Search Results

1 - 3 of 3 items

  • Author: Alexandru Iacob x
Clear All Modify Search
First Outcomes of Grafting Wolfberry in Romania

Abstract

Grafting berries is a topic untouched by researchers or practitioners till now in Romania due to the convenient and widely spread way of classic propagation methods. Nevertheless, the positive effect of grafted plants in commercial orchards is well known at many other species. Traits like precocity, uniformity, fruit size and yield stability is desired to be achieved in this manner. By grafting berries, we look forward to eliminate the actual shortcomings of the traditional crop systems, mainly generated by bushy crown shape that requires large distance between the plants, difficulties in mowing or weeding process along the rows, pruning and harvest operation in a uncomfortable arch position, discontinuous application of pesticides inside the bush etc. In this regard, different methods and trials have been conducted in the last two years at the University of Agronomic Sciences and Veterinary Medicine Bucharest in order to eliminate these bottlenecks in the berry technology trough grafted plants.

Open access
The cultural heritage circulation in a globalized world: Should we build stronger borders or stronger bridges?

Abstract

The scope of this paper is to explore if the free market and its corollaries - private property and the freedom to trade both nationally and internationally - are compatible with the conservation, search and optimal use of heritage goods. Our argument starts from the fact that culture is not a free-floating wraith but a set of tangible and intangible elements that are attributed special spiritual signification by the present generation and that are dependent on scarce material means to be expressed and passed on to our heirs. By taking scarcity as our starting point, we will provide an economic analysis of the implications that follow from the alternative approaches that can be employed to manage heritage goods, namely, a private property order coordinated through prices or a public property form of organisation coordinated through orders and interdictions. After tracing the implications of these two general principles of allocating resources, we will briefly look at how heritage goods are regulated, both on a national and international level, to gain a better understanding of the spirit that permeates the "rules of the game." Finally, we are going to see how the two general principles (market vs command and control) apply to the debate raging between the cosmopolites and the nationalists regarding the international trade in heritage goods. After carefully scrutinising some of the arguments put forward in this dispute over the appropriate means to be used, we conclude that free markets and free trade are the only adequate ways for reaching the objective sought by those on both sides of the debate.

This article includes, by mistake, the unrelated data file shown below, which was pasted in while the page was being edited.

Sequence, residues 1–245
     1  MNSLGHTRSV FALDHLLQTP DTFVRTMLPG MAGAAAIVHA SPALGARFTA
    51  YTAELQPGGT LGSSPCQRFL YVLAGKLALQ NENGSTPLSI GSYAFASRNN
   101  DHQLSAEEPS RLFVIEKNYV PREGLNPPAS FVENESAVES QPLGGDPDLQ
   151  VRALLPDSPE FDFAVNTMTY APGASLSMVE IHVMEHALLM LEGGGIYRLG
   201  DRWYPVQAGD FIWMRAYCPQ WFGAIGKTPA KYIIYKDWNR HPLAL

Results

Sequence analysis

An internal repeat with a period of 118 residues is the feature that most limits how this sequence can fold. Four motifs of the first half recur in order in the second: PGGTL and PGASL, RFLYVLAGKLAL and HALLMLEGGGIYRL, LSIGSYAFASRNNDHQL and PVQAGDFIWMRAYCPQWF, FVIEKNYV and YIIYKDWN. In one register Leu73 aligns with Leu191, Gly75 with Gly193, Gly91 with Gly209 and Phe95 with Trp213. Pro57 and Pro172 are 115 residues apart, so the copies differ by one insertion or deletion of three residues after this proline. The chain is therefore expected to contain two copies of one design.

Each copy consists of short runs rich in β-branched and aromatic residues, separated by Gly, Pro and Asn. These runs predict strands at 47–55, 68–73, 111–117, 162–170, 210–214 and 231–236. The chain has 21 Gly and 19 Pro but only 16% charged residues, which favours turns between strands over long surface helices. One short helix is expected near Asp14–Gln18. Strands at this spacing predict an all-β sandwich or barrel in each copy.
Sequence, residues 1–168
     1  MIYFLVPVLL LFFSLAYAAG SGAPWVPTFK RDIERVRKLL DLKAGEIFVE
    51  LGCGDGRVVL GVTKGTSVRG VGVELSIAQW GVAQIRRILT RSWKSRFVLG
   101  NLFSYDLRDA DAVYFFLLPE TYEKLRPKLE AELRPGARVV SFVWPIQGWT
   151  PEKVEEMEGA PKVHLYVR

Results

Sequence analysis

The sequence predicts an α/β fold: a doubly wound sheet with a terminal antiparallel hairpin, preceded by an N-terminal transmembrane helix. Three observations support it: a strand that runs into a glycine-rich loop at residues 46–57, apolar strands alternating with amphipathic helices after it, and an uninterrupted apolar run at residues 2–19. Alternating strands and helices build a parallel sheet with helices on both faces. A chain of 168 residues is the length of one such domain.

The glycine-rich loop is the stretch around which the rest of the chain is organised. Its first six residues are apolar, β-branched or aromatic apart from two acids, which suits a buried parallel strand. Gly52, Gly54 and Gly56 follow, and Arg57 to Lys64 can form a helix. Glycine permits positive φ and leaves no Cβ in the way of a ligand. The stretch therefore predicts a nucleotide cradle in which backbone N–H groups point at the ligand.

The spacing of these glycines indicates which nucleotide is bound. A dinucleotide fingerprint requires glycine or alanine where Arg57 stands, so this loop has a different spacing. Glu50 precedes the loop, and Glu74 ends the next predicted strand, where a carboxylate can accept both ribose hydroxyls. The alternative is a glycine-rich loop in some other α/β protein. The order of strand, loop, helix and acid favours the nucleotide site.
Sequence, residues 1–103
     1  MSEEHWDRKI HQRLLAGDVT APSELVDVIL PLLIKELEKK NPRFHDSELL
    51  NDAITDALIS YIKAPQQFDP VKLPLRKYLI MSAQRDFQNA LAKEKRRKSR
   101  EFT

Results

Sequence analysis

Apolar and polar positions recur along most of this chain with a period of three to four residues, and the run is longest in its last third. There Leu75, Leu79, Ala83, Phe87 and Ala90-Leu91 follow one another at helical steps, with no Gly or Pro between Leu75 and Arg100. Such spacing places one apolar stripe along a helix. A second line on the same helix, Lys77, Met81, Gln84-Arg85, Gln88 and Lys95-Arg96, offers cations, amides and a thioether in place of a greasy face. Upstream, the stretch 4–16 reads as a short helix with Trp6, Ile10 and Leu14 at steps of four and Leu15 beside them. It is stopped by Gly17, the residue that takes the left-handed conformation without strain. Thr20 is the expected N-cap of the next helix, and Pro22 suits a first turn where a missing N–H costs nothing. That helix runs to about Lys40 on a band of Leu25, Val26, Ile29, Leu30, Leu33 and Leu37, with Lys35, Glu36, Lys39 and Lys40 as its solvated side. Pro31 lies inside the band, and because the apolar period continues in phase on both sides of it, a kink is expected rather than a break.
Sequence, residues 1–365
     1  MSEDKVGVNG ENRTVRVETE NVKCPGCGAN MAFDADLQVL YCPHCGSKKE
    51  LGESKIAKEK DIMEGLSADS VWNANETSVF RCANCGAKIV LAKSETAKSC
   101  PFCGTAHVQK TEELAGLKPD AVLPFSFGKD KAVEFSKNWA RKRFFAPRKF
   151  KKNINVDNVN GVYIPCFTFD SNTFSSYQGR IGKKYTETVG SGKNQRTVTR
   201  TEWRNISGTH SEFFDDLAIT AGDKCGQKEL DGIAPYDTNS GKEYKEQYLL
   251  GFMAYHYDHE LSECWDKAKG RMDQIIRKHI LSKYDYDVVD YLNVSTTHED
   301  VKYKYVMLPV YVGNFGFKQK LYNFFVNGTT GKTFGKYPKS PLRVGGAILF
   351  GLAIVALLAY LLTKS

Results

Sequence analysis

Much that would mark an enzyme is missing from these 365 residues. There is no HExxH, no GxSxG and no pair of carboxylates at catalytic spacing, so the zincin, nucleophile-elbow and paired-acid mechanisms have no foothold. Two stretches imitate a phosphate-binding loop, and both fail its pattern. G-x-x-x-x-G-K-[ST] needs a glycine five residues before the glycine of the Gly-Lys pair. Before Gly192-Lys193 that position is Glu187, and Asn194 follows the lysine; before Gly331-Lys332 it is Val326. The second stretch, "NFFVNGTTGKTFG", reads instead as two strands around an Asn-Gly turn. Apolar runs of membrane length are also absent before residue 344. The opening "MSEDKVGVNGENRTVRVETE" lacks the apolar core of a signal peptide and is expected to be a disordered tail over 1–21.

Open access
Cultural heritage markets: are traders traitors? Winners and losers from cross-border shifts of historical artefacts

Abstract

The concept of cultural heritage covers the tangible and intangible things bequeathed from the past generations along with a spiritual signification, beyond any other serviceableness. Anthropologists, sociologists, philosophers and aesthetes are the critical reviewers of the field, while legalists and economists contribute with their own concerns: regulation and evaluation. Be it of tangible nature – i.e., buildings, sites, paintings, sculptures or various other artefacts – or of an intangible one – i.e., traditions, practices, beliefs, literary or musical compositions –, the cultural heritage has challenged the economists urging them to offer sophisticated tools to assess its value, to make cost-benefit analyses with respect to its preservation, restoration or reuse. The supporters of regulation in the cultural goods market justify it through the fact that the market cannot provide in an efficient manner this type of goods, the solution being national government intervention – i.e., for the regulation and finance of cultural/heritage goods – or even international government regulation, in cases when national states’ failure is encountered. A widespread opinion is that heritage is communal, par excellence, this view implicitly adjusting the acceptation that private property has in the cultural realm. The present paper addresses the reality and the necessity of ownership and movement of heritage goods especially in the international markets, considered as a dangerous vacuum for national cultural treasuries.

Open access